Fudge rolls are relatively simple: you roll a set of dice, add or remove modifiers, and then compare the result to a difficulty threshold or another roll. The twist is that Fudge uses dice that have minuses, zeroes and plus: mathematically, a Fudge die is a d3 with -1, 0, and +1, though physical Fudge dice are six-siders with two of each. One die results in a result from -1 to +1: four dice -4 to +4, with 0 centered on the bellcurve (AnyDice calculator; click on “Graph”). In practice this results in a more intuitive system than using simple numbered dice; an “average” is no more an arbitrary number somewhere in the middle of a 3d6 distribution, and you can easily expand into further reaches as you wish, creating something that is theoretically quite scaleable even regarding small numbers.
For the Game Project, I’ve been thinking of using the Fudge system for internal rolls. The only downside with Fudge rolls comes to the fore here: the granularity of modifiers is very high. A +1 or -1 can make a huge difference. There are several systems on the net that remove some of this granularity, and it’s been on my mind, too. Here is my solution:
The simple version of my Fudge modifier system is to use a numbered N-sided die, together with an ordinary 4dF roll. Modifiers are summed together into a single number: “1 modifier +2 modifier -1 = 2”. Roll the modifier die: if you roll equal to or below the target number, add a bonus +1 (or minus -1) to your roll. If your bonuses equal or exceed the number of sides on your bonus die, “carry” that into a set bonus or minus modifier. So: if you use a d6 as a modifier die, and you get a “+6” modifier to your roll, transform your “small” bonuses into a set +1 on your result. If you have “+12”, that’s a +2. ( Check out more AnyDice graphs )
You can adjust the granularity of the bonus system by changing the size of the modifier die: everything from d2 to d100, and beyond if you want. On a computer, the possibilities are endless. For the game, I’ve decided to use the inbuilt random functions: specifically, the basic floating point random function, that gives you a random result between 0.0 and 1.0. It becomes a simple thing to change the system so that all modifiers can be expressed as a single floating point number: +2.444444444 would be completely valid, and represents a +2 plus a 44.44444% chance of getting a bonus. The mathematics become simple: you can simply subtract arbitrary floating point numbers, and you can have arbitrary precision when giving or taking away modifiers. -0.0001 is just as valid as +3.0.
The Fudge systems simplicity also means that I can change everything that has a stat into this kind of (signed) floating point number: -2.5555 would be a very poor stat, while anything about +5.0 is legendary in status. You can have a steady flow of change (through experience, and other such events), without introducing further complications other than simple addition and subtraction.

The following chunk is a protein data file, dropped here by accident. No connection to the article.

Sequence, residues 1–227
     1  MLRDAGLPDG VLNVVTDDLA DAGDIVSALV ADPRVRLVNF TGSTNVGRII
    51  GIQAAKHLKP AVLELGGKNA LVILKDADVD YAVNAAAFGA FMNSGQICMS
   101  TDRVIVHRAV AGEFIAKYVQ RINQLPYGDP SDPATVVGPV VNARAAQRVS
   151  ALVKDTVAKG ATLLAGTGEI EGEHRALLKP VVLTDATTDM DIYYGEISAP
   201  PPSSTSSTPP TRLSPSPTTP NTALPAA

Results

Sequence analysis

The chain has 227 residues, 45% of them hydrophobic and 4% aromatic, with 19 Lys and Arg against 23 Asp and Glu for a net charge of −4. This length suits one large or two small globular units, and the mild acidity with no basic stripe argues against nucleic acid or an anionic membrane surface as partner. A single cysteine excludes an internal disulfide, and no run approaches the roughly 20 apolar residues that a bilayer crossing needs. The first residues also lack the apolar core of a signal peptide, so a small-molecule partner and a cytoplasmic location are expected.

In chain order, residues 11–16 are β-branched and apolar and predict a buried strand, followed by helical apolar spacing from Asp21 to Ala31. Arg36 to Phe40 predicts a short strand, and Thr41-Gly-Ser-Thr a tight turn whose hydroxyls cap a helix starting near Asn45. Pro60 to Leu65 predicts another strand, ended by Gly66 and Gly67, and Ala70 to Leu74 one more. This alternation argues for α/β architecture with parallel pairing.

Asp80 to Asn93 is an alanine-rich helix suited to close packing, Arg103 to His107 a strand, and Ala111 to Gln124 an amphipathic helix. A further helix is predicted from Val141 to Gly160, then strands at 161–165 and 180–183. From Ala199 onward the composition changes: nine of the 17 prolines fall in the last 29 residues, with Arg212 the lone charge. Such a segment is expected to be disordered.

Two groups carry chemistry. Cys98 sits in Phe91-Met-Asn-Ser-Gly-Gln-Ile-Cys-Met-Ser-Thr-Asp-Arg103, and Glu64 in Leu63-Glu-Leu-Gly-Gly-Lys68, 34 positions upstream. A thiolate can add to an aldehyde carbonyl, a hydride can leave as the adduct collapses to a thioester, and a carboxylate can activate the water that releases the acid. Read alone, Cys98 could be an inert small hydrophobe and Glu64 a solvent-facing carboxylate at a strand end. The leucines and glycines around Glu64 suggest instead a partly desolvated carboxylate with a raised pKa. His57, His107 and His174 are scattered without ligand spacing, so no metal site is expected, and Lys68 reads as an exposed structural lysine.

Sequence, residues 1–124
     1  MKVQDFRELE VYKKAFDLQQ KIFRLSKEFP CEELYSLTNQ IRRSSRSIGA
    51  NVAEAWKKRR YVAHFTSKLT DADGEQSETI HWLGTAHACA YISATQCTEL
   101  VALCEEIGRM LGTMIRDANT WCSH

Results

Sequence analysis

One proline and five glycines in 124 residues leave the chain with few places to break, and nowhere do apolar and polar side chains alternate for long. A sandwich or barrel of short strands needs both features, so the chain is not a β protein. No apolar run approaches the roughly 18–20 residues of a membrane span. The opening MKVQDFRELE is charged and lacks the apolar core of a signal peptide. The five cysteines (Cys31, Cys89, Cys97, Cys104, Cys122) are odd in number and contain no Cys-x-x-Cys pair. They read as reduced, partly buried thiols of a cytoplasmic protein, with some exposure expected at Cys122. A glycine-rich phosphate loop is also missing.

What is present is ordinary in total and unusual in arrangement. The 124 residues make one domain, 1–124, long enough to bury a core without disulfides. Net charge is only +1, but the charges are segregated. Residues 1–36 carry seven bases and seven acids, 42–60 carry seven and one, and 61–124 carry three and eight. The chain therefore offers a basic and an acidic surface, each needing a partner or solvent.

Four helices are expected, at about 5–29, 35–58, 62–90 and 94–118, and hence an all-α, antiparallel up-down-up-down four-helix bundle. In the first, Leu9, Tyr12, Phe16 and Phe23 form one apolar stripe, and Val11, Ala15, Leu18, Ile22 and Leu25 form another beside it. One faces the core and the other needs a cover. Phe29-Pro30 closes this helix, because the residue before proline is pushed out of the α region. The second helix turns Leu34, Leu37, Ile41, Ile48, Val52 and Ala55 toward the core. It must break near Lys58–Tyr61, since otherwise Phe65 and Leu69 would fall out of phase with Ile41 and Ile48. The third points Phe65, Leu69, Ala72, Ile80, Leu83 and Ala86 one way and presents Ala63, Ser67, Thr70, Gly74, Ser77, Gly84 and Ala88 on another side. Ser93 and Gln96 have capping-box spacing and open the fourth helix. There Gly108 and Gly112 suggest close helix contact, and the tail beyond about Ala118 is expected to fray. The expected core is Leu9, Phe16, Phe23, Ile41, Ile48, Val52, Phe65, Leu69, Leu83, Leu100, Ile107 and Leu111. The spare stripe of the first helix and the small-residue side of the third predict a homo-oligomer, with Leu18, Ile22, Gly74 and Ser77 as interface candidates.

The world in that game

[I am reposting this from a thread on the ZBB: it is chronologically older than the previous repost]

I’ve left the gods unnamed for now until I can bother with making up a conlangette for this, here goes.

[quote]In the beginning, there was the Sea before the World, and the Sky before the world, and the Demiurge was riding a blue elk upon the water (if you know Finnic mythology, you’ll probably see where this is going). But an enemy of His shot Him down from the elk, and He fell into the water, wounded.
He lay in the water for nine hundred and twenty seven years, until He saw a bird of the sky flying and seeking a nest. He raised His knee from the water, and the bird lay its nest on it. But the eggs were too hot, and the Demiurge moved his leg, and they fell into the water, and the pieces of the eggs became various bits of creation. (Maybe I’ll have a bird of the water, who dredges up stuff from the bottom of the Sea, too…)
The Demiurge formed the Earth from the stuff that was in the eggs, and rose onto land to continue working, and there he met the Sky Smith. The Demiurge tasked the Sky Smith with making a Dome of the Sky for the new world, and the Sky Smith started on it immediately. He forged the World Pillar that lies at the center of the world, and put up the dark night sky on top of it.
The Trickster was fascinated by his work, and came to the Sky Smith to ask if he could help him with it, and the Sky Smith tasked the Trickster to put up stars in the sky. The Trickster started putting stars in the sky with great enthusiasm, though little skill, but then his interest started to vane, and he didn’t put many stars on one side of the Dome of the Sky.
Because of this, the Dome was off balance, and started to wobble on the World Pillar, and the sky started to tip over; when the Trickster saw this, he became panicked and fearful, and he quickly asked help from the spirits of the Above, but no one could help him; then he asked help from the spirits of Below, but they could not help him either, for they did not know how. Then he heard a voice at the bottom of the barrel where the stars had been. It was the voice of a star that told him to take it and hang it in the sky in the place where the Trickster had lost its interest. The Trickster threw the star in that place, and the star grew in size until it became the greatest of all stars in the sky, and the Dome stopped tipping over, and disaster was averted.